June is National Annuity Awareness Month, designated in 2010 to help consumers better understand annuities by the National Association for Fixed Annuities (NAFA). Since its introduction, coalition members and National Annuity Awareness Month sponsors have provided communications tools to help financial services professionals educate the public and elected officials about the role they can play for consumers planning for retirement and establishing a lifetime income.
In 2015, CAA launched annuretirement.com, to provide a central location to find these resources and provide accurate information about annuity features and benefits.
Many consumers are unfamiliar with annuities, and how to incorporate them into their retirement plans. Therefore, you should prepare a basic explanation of this financial instrument. You want to educate them and start a discussion on the topic – especially if it hasn’t come up before now.
What is an Annuity?
Your clients may not realize an annuity is a contract between a person and an insurance company. However, they are not like insurance policies. An insurance policy pays the designated beneficiary after the death of the insured person, while an annuity pays the contracted party during their lifetime.
As Investopedia explains, the individual purchasing an annuity either makes a lump-sum payment or a schedule of payments. In return, they receive regular disbursements for a set length of time, or as long as they live. Some begin paying right away, while deferred annuities disburse funds at a future date. All payouts are taxable at regular tax rates.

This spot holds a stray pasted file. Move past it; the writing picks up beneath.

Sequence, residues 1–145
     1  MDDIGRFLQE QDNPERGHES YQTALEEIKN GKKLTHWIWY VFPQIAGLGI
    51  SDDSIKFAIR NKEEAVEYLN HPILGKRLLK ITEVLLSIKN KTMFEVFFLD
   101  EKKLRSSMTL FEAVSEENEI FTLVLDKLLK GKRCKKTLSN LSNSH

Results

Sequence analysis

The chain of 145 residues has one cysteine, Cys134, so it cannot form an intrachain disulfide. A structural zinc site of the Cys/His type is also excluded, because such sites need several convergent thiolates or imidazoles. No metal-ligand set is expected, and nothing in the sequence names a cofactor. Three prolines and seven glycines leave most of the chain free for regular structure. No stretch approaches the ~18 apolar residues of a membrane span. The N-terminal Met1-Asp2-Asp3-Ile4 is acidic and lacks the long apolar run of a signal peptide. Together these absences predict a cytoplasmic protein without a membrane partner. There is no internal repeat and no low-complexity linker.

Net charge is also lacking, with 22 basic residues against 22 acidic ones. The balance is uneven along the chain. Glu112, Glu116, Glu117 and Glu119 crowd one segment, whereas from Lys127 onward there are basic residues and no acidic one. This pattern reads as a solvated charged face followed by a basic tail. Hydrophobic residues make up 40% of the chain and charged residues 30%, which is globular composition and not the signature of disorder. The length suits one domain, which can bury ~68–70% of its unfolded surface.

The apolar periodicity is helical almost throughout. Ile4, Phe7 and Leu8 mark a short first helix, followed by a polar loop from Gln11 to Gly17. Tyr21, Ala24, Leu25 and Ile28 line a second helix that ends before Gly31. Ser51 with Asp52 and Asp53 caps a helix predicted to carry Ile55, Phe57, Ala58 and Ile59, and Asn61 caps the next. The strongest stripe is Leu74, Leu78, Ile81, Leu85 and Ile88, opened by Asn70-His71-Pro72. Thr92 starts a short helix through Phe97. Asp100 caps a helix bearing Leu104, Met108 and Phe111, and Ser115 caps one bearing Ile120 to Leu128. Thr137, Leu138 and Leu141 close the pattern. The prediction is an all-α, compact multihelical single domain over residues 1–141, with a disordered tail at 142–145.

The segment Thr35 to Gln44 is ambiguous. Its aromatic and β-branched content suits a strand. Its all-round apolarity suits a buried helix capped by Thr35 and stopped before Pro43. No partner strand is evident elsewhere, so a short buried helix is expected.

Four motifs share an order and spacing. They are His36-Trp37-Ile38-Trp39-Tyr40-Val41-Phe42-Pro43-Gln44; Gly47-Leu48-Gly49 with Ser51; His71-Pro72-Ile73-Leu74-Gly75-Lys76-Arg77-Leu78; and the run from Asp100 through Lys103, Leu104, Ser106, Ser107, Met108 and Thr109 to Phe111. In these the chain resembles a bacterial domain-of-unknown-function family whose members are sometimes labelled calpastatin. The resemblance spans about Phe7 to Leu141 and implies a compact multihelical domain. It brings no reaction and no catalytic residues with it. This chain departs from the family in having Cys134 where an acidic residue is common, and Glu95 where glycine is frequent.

How Does an Annuity Work?
How much money an it disburses each month depends on if it is fixed or variable. With a fixed annuity, funds accumulate tax-free. There’s a set interest rate and a specified amount the holder of the contract agrees to contribute.
Meanwhile, a variable annuity also allows capital to accumulate shielded from taxation. It also offers a guaranteed interest rate and minimum payout in the contract. A fixed annuity generates a better rate of return, because unlike a variable, it is not invested in bonds and equities.
As with any investment, there are some drawbacks with annuities. Insurance companies issuing the contracts do not protect these financial instruments. What’s more, there are annual fees associated with them.
Growing in Popularity
Over 10,000 people turn 65 each day in the U.S., and people are living longer than ever. More and more pre-retirees and retirees are turning to annuities to supplement their income when they leave the workforce. As CNN Money notes, there is no limit to the size of contributions a person can make to an annuity account.
Some older Americans rely on Social Security alone, or a combination of Social Security and a company pension. But the number of corporations offering pensions to retirees has dwindled significantly over the years. Many employers now offer 401 (k) retirement plans, which put the burden of saving on the employee.
Some people are trying to establish a retirement fund because they don’t have one at all. Others have scrimped and saved and want to feather their nest eggs even further. In both instances, an annuity can help them accumulate savings to live on when they stop working.
There are some compelling reasons to broach the topic of annuities with your clients who are in or nearing retirement.
According to the Social Security Administration, as of December 2019, 45% of unmarried persons and 21% of married couples relied on Social Security for 90% or more of their income. The average monthly benefit paid to a retired worker was $1,503.
For many people, depending on lifestyle choices, that might not be enough to meet expenses, much less allow for extras such as dining out or travel.
So, during National Annuity Awareness Month and throughout the year, you should sit down with these clients to discuss their needs and wants. For some, annuities are an option that could help provide them with a steady source of income during their retirement years.
Click here to learn more about how you can help older Americans with their financial matters.